New sentencing guidelines for breach of director disqualification

Written 18th July 2018 by Matthew Claughton

Matthew Claughton, regulatory lawyer, at Olliers Solicitors considers the latest sentencing guidelines and case law on breach of director disqualification.

The Sentencing Council has issued guidance for sentences for offences of breach of a disqualification from acting as a director. The offence is committed under Section 13 of the Company Directors Disqualification Act 1986.  It is an either way offence with a maximum sentence in the crown court of two years imprisonment. The guidelines are in force as from the 1st October 2018.

The current position

Insolvency Service prosecutors frequently produce a ‘Plea and Sentence’ document intending to assist the court. This document will set out features of the case and refer to leading authorities.

A number of the leading cases are set out below. It needs to be stressed that these are invariably crown court sentences that have been upheld or varied on appeal.

  • R v Feldman (Joseph) (1981) 3 Cr. App. R. (S) 20 The defendant pleaded guilty to six counts; two of acting as a company director whilst an undischarged bankrupt, one of being concerned in the management of a company whilst an undischarged bankrupt and three of perjury committed during the compulsory examinations with the Official Receiver and the Registrar relating to the first two companies. A sentence of nine months imprisonment on each count was reduced to three months imprisonment on each count concurrent on the basis that he was of previous good character and unlikely to re-offend.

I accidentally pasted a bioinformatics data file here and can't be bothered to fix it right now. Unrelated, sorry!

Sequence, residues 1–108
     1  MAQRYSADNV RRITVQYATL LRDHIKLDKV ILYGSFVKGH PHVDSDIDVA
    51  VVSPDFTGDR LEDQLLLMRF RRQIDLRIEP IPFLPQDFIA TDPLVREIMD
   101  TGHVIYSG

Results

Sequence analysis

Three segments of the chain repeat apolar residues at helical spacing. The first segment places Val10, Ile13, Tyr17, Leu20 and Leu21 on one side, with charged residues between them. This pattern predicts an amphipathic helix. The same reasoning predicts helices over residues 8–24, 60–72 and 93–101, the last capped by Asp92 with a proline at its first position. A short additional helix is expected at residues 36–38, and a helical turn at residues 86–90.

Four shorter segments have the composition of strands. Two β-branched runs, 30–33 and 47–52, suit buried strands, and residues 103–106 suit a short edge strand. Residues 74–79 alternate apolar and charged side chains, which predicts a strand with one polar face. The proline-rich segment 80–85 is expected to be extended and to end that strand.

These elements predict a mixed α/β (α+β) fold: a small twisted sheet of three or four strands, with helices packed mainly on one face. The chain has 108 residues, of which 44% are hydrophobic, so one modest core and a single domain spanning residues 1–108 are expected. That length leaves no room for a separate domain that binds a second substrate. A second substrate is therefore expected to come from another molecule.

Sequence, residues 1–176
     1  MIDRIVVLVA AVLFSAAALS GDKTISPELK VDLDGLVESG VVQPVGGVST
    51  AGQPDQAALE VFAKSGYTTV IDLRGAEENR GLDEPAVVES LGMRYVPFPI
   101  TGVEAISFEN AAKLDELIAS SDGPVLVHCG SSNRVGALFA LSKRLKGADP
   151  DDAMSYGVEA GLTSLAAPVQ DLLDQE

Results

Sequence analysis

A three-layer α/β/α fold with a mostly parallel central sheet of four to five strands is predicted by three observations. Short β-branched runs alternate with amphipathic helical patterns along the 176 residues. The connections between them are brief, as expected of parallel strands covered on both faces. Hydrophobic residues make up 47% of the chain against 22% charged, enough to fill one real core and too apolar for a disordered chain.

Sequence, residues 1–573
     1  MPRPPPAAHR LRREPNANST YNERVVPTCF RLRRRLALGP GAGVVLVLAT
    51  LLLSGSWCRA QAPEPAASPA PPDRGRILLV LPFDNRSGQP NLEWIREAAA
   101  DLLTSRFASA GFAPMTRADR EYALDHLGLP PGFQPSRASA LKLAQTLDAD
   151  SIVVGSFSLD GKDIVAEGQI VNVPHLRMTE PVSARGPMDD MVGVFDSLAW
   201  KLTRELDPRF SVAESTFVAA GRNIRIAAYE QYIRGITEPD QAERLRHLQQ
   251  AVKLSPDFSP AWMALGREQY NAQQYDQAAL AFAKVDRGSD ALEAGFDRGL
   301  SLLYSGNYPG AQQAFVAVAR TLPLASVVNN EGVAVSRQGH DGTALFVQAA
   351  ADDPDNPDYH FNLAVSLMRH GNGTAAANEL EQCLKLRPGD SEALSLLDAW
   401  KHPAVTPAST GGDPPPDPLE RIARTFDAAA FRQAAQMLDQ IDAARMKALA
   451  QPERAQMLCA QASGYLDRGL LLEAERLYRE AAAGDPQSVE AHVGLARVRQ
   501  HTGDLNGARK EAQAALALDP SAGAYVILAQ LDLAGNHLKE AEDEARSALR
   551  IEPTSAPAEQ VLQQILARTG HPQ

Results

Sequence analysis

• R v Theivendran (Sundranpillai) (1992) 13 Cr. App. R. (S) 601 The defendant pleaded guilty to eight counts of being concerned in the management of a company whilst an undischarged bankrupt and 2 counts of obtaining credit whilst an undischarged bankrupt. The companies traded honestly and there was no evidence of loss to their clients. The companies were eventually wound up with a deficiency in excess of £200,000, primarily as a result of debts owed to the Inland Revenue and Customs and Excise. These debts were paid off after the winding up of the companies. On appeal sentences of nine months imprisonment on each of the counts concurrently reduced to six months imprisonment suspended for 2 years.
  • R v Thompson (William John) (1993) 14 Cr. App. R. (S) 89 Guilty pleas to two counts of being concerned in the management of a company whilst an undischarged bankrupt. On appeal a sentence of 15 months imprisonment concurrent on each count was reduced to 8 months imprisonment concurrent on each count.